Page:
As I wait outside for a taxi, a door bangs shut behind me and I don’t even flinch. Yes, House of Horror was definitely thrilling. But much better than that, it turns out to be surprisingly effective immersion therapy to cure me of my scaredy-cat ways – and that means I might just have my first ever Happy Halloween. Bring on 31 October.

Travel essentials

House of Horror runs from Friday 28 September to Wednesday 31 October; tickets cost from £25.

The UK’s best scary attractions

Hampton Court Palace, London

During October and November, visitors to London’s Hampton Court can participate in an evening ghost tour of the palace. They range from family-friendly to an adults only late-night Halloween special. Adults only tickets from £27.50; tours take place 31 October and 4, 11, 18 November.

National Justice Museum, Nottingham

Nottingham’s National Justice Museum is running hour-long Terror Tours this autumn. Visitors wander the winding corridors and dark dungeons of the original gaol, with actors taking on the part of the prisons’ inhabitants. Participants must be over 10 years old and those under 16 must be accompanied by an adult. Tours take place on alternate Saturdays from 6pm; tickets from £10.95.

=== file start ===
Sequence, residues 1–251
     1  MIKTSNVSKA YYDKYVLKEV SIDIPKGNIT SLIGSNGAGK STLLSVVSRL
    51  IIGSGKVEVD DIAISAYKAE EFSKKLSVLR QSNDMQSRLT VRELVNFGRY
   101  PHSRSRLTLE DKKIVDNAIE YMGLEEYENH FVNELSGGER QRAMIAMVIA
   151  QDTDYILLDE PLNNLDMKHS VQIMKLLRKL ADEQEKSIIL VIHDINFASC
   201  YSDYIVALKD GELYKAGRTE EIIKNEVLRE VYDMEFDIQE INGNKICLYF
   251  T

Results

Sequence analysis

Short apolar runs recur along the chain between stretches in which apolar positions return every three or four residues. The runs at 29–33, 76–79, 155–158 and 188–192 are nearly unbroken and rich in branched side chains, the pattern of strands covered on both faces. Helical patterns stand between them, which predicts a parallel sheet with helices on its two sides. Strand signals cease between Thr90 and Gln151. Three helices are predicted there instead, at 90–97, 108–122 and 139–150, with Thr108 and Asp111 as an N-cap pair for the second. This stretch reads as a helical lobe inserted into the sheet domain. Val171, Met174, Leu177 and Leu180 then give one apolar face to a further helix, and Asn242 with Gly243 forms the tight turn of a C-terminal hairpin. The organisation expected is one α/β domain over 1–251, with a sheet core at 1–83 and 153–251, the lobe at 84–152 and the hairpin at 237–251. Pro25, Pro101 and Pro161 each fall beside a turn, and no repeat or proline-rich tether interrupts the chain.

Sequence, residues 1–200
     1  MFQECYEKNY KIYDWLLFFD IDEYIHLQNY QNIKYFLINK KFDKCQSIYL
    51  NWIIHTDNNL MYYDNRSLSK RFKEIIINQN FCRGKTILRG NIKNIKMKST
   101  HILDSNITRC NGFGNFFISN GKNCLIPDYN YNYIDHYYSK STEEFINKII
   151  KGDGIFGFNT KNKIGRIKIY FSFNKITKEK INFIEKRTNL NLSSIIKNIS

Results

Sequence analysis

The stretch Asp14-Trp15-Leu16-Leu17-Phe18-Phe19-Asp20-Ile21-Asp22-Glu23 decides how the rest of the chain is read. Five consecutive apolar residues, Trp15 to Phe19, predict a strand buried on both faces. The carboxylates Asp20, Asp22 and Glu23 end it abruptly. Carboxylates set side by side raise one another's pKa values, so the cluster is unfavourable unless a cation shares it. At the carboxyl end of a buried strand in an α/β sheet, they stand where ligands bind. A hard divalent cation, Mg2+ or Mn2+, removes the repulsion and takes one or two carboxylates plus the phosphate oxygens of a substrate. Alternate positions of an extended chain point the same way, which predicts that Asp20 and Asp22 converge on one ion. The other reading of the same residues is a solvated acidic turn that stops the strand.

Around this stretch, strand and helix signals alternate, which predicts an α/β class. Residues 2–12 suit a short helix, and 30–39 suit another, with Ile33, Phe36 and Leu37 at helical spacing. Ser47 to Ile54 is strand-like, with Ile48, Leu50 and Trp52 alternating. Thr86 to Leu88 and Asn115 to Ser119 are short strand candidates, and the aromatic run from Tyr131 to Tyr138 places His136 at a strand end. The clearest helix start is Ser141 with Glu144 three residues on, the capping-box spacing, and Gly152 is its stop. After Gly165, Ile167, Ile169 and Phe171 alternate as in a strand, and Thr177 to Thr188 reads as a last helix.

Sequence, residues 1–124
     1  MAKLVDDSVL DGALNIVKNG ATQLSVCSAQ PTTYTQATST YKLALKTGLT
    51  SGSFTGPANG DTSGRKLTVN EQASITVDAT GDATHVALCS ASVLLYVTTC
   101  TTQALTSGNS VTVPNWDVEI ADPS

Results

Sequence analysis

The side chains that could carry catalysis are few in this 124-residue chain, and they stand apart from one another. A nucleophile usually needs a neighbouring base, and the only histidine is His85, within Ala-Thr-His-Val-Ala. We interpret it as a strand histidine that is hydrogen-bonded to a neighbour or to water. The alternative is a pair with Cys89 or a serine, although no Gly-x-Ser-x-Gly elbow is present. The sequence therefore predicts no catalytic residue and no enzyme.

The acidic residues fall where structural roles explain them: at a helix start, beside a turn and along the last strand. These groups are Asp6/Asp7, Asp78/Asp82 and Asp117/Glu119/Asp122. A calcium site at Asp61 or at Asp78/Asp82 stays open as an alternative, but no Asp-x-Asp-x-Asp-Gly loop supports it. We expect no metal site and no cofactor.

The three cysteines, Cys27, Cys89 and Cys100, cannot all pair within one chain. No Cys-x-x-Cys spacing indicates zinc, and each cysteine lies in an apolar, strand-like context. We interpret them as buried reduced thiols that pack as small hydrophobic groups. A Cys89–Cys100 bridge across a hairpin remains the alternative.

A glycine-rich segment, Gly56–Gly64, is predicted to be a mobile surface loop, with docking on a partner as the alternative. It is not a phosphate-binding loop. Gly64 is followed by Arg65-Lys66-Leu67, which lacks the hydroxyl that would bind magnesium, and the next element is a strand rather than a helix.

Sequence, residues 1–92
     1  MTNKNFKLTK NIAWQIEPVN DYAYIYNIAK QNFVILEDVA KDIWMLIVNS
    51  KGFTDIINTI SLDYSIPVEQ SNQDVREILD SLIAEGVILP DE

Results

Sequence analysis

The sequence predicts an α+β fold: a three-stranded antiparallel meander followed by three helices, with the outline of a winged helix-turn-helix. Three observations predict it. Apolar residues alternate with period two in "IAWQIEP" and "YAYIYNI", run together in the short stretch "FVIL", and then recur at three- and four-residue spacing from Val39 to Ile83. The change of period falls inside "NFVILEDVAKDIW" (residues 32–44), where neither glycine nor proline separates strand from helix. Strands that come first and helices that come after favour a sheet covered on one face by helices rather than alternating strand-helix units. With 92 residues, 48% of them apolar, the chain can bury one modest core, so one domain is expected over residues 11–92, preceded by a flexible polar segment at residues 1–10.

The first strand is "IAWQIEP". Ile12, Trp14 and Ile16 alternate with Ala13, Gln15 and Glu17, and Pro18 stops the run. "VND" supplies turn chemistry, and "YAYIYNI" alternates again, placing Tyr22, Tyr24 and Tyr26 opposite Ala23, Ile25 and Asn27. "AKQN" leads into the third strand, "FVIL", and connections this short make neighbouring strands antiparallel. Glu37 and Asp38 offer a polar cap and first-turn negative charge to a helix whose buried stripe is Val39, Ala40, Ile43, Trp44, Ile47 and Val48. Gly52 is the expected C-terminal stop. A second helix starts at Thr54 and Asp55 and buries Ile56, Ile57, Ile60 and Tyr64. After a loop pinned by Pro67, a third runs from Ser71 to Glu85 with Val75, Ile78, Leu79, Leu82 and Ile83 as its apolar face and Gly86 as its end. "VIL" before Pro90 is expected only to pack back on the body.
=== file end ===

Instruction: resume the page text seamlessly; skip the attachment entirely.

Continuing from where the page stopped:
Screamland, Margate

Seaside theme park Dreamland becomes Screamland over Halloween, with seven interactive “scare mazes”, including the Dreamland Sleep Experiment, Mary Decomposed and Upside Down, brought to terrifying life by professional actors. Tickets include access to all mazes from 6pm and unlimited use of the rides in the amusement park. Tickets from £20; open 13, 19, 20, 25, 26, 27 and 31 October. 

Standedge Tunnel, West Yorkshire

For one night only, the country’s longest, deepest canal will be open for a paranormal investigation, in which members of the public join the Soul Reaper Paranormal investigations team in exploring the tunnel’s darkest reaches to conduct a series of experiments. Tickets £20; event from 8-11pm on 20 October.

Grand Pier, Bristol

The Halloween Unfairground is returning to Bristol this October, with live scare shows, House of Murders, Freak Show, Dead End, Crazy Circus, House of Horrors ALIVE and Zombie Infestation Zone. Most attractions are only suitable for children over the age of 12. Tickets from £12.50; open 25-31 October.